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Sum of dice Problem

  1. Nov 28, 2006 #1
    I ran into this next problem and I am having hard time getting a final answer for it for every m :

    A dice is rolled and summed over and over , What is the probability That the sum will be "m" , "m" is a positive integer

    My problem starts after the numer 6 , as I start to loose options , as I can't use 1 dice for higher numbers then 7 , same goes for 2 dices after 13 and so on.

    Any1 got a soultion ?
  2. jcsd
  3. Nov 28, 2006 #2


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    It's about a pair of dices, right? Try to write down all the sums that can occur, and for each of these sums, write down the number of combinations which give these sums.
  4. Nov 28, 2006 #3
    Nope , It can be endless number of rolls but using same dice all over again.

    So lets say that p(1) = 1/6 as there is only 1 way to get it , by getting 1 in the first roll.

    P(2) = 1/6 + 1/36 as u got 2 options now , either u get 2 in first roll or 2 times one with 2 rolls.

    and so on , but again after 7 it gets harder as u can't get a sum of 7+ with 1 dice , so I'm trying to find the overall function to get to ANY number m (again positive integer)
  5. Nov 28, 2006 #4
    Do you have the original wording of the problem?

    In my opinion if you are rolling one die an unlimited number of times, and summing the values after each roll, then p(m) = 0 for all m.

    There is no way to get m = 1 since once you roll twice you are already past 1, same for 2, 3, 4, etc.

    edit... I just re-read your last post, and you say that you can't get a sum of 7+ with 1 die. So are we just rolling the die an unlimited number of times, and looking at the probability that the last roll is some number? The exercise seems to be very vague, could you please elaborate a little.
    Last edited: Nov 28, 2006
  6. Nov 28, 2006 #5
    I copied the Question from the sheet I'm trying to solve so That's the way i understood what to do :

    for any number "m" I need to find the the entire field of possible answer without surpesing it (thus p(m)!=0) , so lets say I want to get to m=3 .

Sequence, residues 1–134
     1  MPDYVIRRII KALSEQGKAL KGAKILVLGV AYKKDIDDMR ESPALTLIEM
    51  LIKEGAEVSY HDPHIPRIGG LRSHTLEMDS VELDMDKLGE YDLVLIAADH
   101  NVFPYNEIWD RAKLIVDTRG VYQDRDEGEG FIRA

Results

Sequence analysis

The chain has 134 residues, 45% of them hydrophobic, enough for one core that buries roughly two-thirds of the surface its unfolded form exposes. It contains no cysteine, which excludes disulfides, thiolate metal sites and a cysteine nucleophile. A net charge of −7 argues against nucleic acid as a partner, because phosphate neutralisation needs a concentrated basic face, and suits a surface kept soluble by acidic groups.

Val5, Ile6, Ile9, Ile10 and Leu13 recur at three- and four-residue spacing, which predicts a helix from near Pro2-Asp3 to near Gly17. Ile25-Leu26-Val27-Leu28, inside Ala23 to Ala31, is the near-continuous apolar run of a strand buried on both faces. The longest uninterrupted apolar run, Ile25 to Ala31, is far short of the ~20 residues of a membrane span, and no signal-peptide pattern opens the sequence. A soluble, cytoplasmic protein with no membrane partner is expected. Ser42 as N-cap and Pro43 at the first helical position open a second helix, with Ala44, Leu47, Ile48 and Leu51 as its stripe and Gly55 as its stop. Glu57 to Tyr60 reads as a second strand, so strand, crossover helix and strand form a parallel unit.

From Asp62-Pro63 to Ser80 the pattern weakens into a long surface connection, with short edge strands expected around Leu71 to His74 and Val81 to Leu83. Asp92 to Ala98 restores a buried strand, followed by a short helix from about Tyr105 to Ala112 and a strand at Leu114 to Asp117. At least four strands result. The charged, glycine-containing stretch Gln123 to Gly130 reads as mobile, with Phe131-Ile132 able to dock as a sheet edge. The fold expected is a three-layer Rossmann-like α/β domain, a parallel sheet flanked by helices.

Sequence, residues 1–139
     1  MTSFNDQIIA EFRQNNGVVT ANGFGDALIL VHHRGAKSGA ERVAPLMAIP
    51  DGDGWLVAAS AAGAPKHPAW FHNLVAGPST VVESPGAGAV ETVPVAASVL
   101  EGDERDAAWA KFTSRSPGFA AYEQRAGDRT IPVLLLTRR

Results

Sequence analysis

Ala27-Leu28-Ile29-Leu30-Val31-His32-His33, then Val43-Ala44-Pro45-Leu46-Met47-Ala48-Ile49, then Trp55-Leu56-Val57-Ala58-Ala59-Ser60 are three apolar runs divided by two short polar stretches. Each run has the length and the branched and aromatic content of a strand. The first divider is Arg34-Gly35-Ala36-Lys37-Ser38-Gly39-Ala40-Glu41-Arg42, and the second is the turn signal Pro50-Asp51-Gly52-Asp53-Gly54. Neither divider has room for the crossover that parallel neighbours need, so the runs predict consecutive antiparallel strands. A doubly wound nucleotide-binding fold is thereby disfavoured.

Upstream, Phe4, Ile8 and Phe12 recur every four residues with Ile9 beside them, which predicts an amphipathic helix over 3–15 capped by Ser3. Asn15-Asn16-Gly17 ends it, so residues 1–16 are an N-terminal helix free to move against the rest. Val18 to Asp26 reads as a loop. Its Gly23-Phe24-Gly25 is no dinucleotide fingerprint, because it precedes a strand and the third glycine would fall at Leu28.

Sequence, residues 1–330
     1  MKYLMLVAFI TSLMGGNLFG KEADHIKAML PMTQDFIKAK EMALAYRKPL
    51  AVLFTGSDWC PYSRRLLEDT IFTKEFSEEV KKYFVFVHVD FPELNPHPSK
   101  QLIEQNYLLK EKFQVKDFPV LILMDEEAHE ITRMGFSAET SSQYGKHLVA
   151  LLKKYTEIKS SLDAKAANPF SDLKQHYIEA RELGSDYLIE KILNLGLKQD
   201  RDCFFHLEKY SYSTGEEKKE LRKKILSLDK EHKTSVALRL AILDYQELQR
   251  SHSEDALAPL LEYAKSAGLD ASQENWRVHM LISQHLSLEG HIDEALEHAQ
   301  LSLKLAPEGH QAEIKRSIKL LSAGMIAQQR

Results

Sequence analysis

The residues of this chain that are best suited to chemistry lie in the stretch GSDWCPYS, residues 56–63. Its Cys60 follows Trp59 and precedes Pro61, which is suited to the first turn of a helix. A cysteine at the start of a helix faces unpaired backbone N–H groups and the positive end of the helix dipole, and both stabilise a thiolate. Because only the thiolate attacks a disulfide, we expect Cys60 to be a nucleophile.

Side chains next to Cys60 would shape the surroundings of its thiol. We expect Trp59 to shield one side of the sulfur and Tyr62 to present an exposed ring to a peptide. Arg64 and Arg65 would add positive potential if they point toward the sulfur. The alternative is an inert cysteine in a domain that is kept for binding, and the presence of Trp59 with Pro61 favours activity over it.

p(3) = 1*(1/6) + 2*(1/6^2) + 1*(1/6_^3) = something :smile:

    so in this case there are a total of 4 "true" final outcomes I can get that will give me a sum of 3 :

    1) I will roll the die once and get a 3 > 1/6
    2) I will roll the die 1st time and get a 2 , then roll again and get a 1 > 1/36
    3) i will roll the die 1st and get a 1 , then roll again and get a 2 > 1/36
    4) I will roll the die 1st and get a 1 , roll again and get a 1 , roll again and get a 1 > 1/216

    so in reality I am not really rolling infinite rolls, as in "worse" case I will have to roll the die m times to get to m (getting 1 in each roll).

    The problem again is when passing 6n+1 numbers (n=1,2....) like 7 and 13 etc... as I'm starting to lose options as I can't get a sum of 7 with 1 die , sam goes to 13 with 2 dices.

    Hope that clears it up a bit :D
  7. Nov 28, 2006 #6


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    Let each [itex]p_i[/itex] be chosen with equal probability from {1, 2, 3, 4, 5, 6}, and let [itex]S_n=p_1+p_2+\cdots+p_n[/itex]. [itex]P_n[/itex] is then the probability that [itex]S_i=n[/itex] for some i. The question is: What is [itex]P_n[/itex], and how is it found, for n > 6?

    [itex]P_1[/itex] = 1 = 1/6
    [itex]P_2[/itex] = 1/6 + 1/36
    [itex]P_3[/itex] = 1/6 + 2/36 + 1/216
  8. Nov 28, 2006 #7

    Yes , this is what i meant (or I think the question meant).

    I already know (from working with some numbers) the Pn = 0.28 = 2/7 (more or less)

    But the problem is that I need to make a genral formule / Function that will compute that
  9. Nov 29, 2006 #8


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    Did the problem sheet really say "a dice"?

    Dice is already plural. It is "a die" and "several dice".
  10. Dec 29, 2006 #9


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    What I feel is, you want the probability of getting a sum of m after n rolls of a six faced unbiased die, n <= m <= 6n. Obviously the total number of possible situations arising on the top face of the die is = 6^n. Let N= the number of favourable possibilities such that the sum is m.
    Consider (x + x^2 + x^3 +...+ x^6)^n. Now the coefficient of x^m in the expression gives the number of ways in which a sum of m can be obtained. Therefore N= coeff. of x^m in {x(x^6-1)/(x-1)}^n = coeff. of x^(m-n) in {(x^6-1)/(x-1)}^n.
    Then N/6^n is the required probability.
    Last edited: Dec 29, 2006
  11. Jan 1, 2007 #10
    The answer is
    [tex]P(\text{getting n})=\frac{r_1^n+r_2^n+r_3^n+r_4^n+r_5^n}{7} +\frac{2}{7}[/tex]

    where [tex]r_1,r_2,r_3,r_4,r_5[/tex] are the roots of the equation

    The roots are:
    [tex]r_1 = 0.29419455636014125+0.66836709744330092i[/tex]
    P(getting 1)=1/6
    P(getting 2)=7/36
    P(getting 3)=49/216
    P(getting 4)=343/1296
    P(getting 5)=2401/7776
    P(getting 6)=16807/46656
    P(getting 7)=70993/279936
    P(getting 8)=450295/1679616
    P(getting 9)=2825473/10077696
    P(getting 10)=17492167/60466176
    P(getting 11)=106442161/362797056
    P(getting 12)=633074071/2176782336
    P(getting 13)=3647371105/13060694016
    P(getting 14)=22219348327/78364164096
    P(getting 15)=134526474769/470184984576
    P(getting 16)=809860055095/2821109907456
    P(getting 17)=4852905842113/16926659444736
    P(getting 18)=29004175431175/101559956668416
    P(getting 19)=173492524161649/609359740010496
    P(getting 20)=1044275922856663/3656158440062976

    and it approaches 2/7 as n->infinity
    Last edited: Jan 1, 2007
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